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Hyperpigmented nevi and streak

MedGen UID:
Concept ID:
HPO: HP:0005606

Term Hierarchy

CClinical test,  RResearch test,  OOMIM,  GGeneReviews,  VClinVar  
  • CROGVHyperpigmented nevi and streak

Conditions with this feature

Angioosteohypertrophic syndrome
MedGen UID:
Concept ID:
Disease or Syndrome
Klippel-Trenaunay syndrome is a condition that affects the development of blood vessels, soft tissues (such as skin and muscles), and bones. The disorder has three characteristic features: a red birthmark called a port-wine stain, abnormal overgrowth of soft tissues and bones, and vein malformations.\n\nMost people with Klippel-Trenaunay syndrome are born with a port-wine stain. This type of birthmark is caused by swelling of small blood vessels near the surface of the skin. Port-wine stains are typically flat and can vary from pale pink to deep maroon in color. In people with Klippel-Trenaunay syndrome, the port-wine stain usually covers part of one limb. The affected area may become lighter or darker with age. Occasionally, port-wine stains develop small red blisters that break open and bleed easily.\n\nKlippel-Trenaunay syndrome is also associated with overgrowth of bones and soft tissues beginning in infancy. Usually this abnormal growth is limited to one limb, most often one leg. However, overgrowth can also affect the arms or, rarely, the torso. The abnormal growth can cause pain, a feeling of heaviness, and reduced movement in the affected area. If the overgrowth causes one leg to be longer than the other, it can also lead to problems with walking.\n\nMalformations of veins are the third major feature of Klippel-Trenaunay syndrome. These abnormalities include varicose veins, which are swollen and twisted veins near the surface of the skin that often cause pain. Varicose veins usually occur on the sides of the upper legs and calves. Veins deep in the limbs can also be abnormal in people with Klippel-Trenaunay syndrome. Malformations of deep veins increase the risk of a type of blood clot called a deep vein thrombosis (DVT). If a DVT travels through the bloodstream and lodges in the lungs, it can cause a life-threatening blood clot known as a pulmonary embolism (PE).\n\nOther complications of Klippel-Trenaunay syndrome can include a type of skin infection called cellulitis, swelling caused by a buildup of fluid (lymphedema), and internal bleeding from abnormal blood vessels. Less commonly, this condition is also associated with fusion of certain fingers or toes (syndactyly) or the presence of extra digits (polydactyly).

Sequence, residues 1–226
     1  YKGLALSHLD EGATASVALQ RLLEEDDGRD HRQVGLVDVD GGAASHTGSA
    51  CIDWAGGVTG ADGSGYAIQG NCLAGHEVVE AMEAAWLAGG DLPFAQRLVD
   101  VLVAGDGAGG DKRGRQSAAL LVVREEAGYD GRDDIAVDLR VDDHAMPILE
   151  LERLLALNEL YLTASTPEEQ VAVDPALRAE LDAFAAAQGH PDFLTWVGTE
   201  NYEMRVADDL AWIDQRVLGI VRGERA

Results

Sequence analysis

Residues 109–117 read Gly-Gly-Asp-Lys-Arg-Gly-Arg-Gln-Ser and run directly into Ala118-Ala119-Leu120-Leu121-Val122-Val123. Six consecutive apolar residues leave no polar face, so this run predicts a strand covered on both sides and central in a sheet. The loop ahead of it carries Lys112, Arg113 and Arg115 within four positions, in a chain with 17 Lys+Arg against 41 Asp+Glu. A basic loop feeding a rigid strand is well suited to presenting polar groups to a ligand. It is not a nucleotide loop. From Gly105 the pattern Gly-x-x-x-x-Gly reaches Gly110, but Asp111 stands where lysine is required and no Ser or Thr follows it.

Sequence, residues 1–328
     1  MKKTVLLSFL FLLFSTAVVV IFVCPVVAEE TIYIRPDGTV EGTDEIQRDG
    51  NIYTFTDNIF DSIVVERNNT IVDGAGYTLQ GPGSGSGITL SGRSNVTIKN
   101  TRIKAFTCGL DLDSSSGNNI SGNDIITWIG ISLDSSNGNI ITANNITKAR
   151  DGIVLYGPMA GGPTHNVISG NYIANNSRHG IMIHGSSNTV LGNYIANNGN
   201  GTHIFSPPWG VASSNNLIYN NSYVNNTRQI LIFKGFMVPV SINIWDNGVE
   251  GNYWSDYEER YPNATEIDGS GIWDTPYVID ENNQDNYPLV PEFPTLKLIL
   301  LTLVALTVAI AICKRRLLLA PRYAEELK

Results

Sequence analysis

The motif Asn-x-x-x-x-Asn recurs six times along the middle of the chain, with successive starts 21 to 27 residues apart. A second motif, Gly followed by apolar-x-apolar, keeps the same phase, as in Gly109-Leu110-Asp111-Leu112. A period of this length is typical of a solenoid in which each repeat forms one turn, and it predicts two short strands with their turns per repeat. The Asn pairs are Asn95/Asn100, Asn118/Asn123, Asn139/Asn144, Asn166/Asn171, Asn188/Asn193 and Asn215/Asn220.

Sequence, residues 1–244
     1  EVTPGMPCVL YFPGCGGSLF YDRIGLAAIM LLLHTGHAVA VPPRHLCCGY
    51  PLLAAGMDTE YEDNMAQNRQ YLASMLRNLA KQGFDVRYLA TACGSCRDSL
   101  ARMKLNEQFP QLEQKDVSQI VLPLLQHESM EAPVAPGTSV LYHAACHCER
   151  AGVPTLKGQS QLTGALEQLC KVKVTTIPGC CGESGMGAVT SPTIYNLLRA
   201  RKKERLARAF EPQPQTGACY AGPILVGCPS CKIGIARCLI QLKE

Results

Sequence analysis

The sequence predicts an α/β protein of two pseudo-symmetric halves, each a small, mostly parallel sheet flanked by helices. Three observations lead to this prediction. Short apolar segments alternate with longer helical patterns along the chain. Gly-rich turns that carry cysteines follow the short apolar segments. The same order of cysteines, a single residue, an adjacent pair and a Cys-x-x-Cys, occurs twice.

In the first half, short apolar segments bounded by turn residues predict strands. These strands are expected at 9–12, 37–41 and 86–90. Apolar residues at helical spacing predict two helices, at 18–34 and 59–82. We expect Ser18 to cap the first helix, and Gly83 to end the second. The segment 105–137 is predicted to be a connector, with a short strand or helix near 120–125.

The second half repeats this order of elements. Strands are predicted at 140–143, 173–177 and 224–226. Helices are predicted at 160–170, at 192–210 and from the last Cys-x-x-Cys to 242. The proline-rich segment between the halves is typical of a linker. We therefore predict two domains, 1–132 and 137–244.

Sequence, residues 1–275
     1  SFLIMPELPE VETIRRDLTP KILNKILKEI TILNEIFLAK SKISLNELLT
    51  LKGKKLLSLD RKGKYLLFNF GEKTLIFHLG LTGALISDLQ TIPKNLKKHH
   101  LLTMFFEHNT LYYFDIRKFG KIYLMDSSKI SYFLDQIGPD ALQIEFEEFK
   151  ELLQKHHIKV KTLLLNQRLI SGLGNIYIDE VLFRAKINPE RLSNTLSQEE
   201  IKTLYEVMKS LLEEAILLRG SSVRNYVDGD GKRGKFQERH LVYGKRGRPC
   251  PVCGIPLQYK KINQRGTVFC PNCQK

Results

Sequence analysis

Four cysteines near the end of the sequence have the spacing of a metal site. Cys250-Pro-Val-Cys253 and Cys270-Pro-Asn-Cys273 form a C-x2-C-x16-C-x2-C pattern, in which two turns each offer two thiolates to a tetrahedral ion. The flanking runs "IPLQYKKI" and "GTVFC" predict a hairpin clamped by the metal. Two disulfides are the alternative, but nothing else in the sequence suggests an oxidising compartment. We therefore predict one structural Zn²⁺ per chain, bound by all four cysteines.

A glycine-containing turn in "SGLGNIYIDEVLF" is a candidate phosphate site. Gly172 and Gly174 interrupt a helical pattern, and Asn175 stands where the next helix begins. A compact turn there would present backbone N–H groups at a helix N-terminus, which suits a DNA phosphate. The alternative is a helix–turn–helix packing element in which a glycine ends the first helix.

Recent clinical studies


Lallas A, Paschou E, Manoli SM, Papageorgiou C, Spyridis I, Liopyris K, Bobos M, Moutsoudis A, Lazaridou E, Apalla Z
Ital J Dermatol Venerol 2021 Jun;156(3):274-288. Epub 2020 Dec 14 doi: 10.23736/S2784-8671.20.06784-X. PMID: 33314891
Skornšek N, Orešič Barač T, Marko PB
Acta Dermatovenerol Alp Pannonica Adriat 2017 Dec;26(4):119-120. doi: 10.15570/actaapa.2017.34. PMID: 29264905
Mendiratta V, Sharma RC, Arya L, Sardana K
J Dermatol 2001 Jan;28(1):58-9. doi: 10.1111/j.1346-8138.2001.tb00089.x. PMID: 11280469

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